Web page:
• The production cost analysis revealed a rather typical manufacturing cost structure with no significant deviation from other processes and no outstanding cost component which could be tackled with priority. Not unexpectedly, the highest proportion of production cost was material cost.
  • The evaluation of ideal processes revealed promising improvement potentials for both technology optimization as well as alternative chemistry, leading to potential production cost reductions of 10% and 30% respectively.

Some findings of the material, energy and cost flow analysis are depicted in the Sankey diagrams in Figures 1 to 3. Figure 1 visualizes the status quo of the unit’s material flows and Figure 2 reveals the related annual production costs. Analysis of these diagrams along with the underlying process specifications and cause and effect relationships led to several suggestions for improvements. The most promising one was the idea of recovering product losses from the purge stream that was being treated as waste. This idea is depicted in the cost diagram in Figure 3 where you might notice the additional stream in the lower left corner that recycles some former product loss back to synthesis. Unfortunately, the authors did not provide much information on this recovery process, most likely due to confidentiality reasons. However, the effect of this material recovery is clearly visible. Raw material costs are reduced substantially (compare P1 and P2 on the left side of Figure 1 and 3) and hence production and even waste treatment costs go down as well (compare P5, P6, and P27 on the right side of both figures).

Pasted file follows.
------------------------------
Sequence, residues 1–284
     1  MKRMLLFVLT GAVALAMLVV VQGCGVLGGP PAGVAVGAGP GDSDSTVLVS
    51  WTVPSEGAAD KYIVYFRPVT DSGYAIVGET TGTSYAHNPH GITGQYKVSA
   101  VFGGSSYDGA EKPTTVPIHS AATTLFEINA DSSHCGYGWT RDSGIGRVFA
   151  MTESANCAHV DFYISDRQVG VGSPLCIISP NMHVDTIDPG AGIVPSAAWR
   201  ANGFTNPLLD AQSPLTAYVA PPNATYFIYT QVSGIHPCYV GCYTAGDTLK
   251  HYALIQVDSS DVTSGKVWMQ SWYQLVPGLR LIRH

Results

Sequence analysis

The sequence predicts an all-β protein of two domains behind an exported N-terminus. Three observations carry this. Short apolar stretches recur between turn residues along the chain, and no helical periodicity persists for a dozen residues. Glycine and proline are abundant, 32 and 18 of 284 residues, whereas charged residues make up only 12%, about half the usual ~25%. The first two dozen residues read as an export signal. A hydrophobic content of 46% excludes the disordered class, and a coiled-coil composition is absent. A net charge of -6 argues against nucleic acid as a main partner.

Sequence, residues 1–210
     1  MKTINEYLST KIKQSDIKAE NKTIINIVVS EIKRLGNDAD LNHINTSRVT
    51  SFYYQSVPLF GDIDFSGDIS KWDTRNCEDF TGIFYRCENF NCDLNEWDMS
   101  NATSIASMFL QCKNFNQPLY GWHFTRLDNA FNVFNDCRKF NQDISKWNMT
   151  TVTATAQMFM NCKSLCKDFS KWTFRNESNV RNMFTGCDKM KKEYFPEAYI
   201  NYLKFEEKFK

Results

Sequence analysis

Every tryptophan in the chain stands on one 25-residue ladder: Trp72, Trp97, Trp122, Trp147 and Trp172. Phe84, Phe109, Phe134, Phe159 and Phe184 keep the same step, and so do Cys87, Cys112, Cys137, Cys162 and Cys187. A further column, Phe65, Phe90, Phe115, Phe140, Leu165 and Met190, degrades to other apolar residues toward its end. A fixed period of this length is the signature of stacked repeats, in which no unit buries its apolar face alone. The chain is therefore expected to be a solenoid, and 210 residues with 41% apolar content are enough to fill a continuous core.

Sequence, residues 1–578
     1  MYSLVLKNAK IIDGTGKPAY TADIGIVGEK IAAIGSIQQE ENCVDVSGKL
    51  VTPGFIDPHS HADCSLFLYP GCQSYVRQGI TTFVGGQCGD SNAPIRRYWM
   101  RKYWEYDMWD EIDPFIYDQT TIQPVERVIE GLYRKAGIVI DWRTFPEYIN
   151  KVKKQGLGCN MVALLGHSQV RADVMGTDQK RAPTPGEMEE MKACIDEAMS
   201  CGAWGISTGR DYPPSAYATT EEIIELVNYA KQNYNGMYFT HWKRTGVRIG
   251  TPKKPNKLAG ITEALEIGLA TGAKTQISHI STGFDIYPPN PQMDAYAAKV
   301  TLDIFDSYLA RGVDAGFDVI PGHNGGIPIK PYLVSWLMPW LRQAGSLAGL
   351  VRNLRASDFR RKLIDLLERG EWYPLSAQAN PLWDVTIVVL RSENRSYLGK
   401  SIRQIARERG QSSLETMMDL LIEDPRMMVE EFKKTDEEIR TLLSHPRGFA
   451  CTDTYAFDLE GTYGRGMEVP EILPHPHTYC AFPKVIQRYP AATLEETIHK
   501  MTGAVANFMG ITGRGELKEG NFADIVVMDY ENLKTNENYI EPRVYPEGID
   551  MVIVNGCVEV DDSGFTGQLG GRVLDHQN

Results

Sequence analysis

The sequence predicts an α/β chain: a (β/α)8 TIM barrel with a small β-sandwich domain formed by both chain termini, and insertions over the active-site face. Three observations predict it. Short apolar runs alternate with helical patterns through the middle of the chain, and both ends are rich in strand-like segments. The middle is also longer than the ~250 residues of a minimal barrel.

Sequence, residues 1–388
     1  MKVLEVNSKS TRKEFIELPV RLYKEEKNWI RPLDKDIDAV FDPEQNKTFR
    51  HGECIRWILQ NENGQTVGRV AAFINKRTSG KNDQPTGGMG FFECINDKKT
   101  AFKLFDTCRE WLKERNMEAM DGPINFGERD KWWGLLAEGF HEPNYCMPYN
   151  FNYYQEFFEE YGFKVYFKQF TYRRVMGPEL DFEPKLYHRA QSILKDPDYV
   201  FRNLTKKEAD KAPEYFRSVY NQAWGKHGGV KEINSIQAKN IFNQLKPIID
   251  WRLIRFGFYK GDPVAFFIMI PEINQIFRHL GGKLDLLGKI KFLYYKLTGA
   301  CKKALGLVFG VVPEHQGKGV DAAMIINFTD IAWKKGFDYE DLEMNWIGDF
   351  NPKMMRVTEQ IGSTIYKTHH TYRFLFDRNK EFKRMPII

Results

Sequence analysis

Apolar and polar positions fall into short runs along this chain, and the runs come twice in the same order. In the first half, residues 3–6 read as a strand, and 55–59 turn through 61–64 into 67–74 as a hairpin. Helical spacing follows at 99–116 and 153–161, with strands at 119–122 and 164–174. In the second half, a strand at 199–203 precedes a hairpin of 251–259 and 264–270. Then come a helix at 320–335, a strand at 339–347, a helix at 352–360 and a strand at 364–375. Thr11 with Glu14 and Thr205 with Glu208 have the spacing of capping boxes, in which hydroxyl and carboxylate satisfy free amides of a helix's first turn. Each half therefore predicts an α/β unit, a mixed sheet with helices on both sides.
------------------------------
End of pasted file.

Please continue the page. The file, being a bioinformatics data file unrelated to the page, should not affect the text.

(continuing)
Sankey chart of material flow based costs prior to process improvement

Fig. 2 Sankey chart of material flow based costs prior to process improvement, © BASF SE; Reproduction by courtesy of BASF SE

Sankey chart of material flow based costs after process improvement

 Fig. 3 Sankey chart of material flow based costs after process improvement, © BASF SE; Reproduction by courtesy of BASF SE

In sum, the three stage improvement assessment helped BASF identify options to increase the contribution margin within that particular unit to competitive levels. The paper concludes with several useful suggestions for furthering the material flow modeling approach, including better integration of process simulation and flow-sheet optimization tools.

Environmental assessments as ‘by-products’ of sound material flow modeling

To conclude this review, I’ll highlight an important ‘by-product’ of the BASF approach to process improvement and innovation. The case study reveals lower demand for raw material consumption, which in turn indicates higher resource efficiency during the production process, as well as smaller carbon footprints and less environmental impacts within the supply chain. This by-product is certainly a desired one and highlights the need for an integrated approach to material flow modeling and analysis: Ideally, one material flow model can be used to support decision making for productivity and efficiency, for environmental performance, and for overall sustainability throughout the life cycle and supply chain. In this case, the engineering excellence presented by BASF goes hand in hand with environmental and sustainability achievement. Do you share my enthusiasm now?

Add comment

You may also like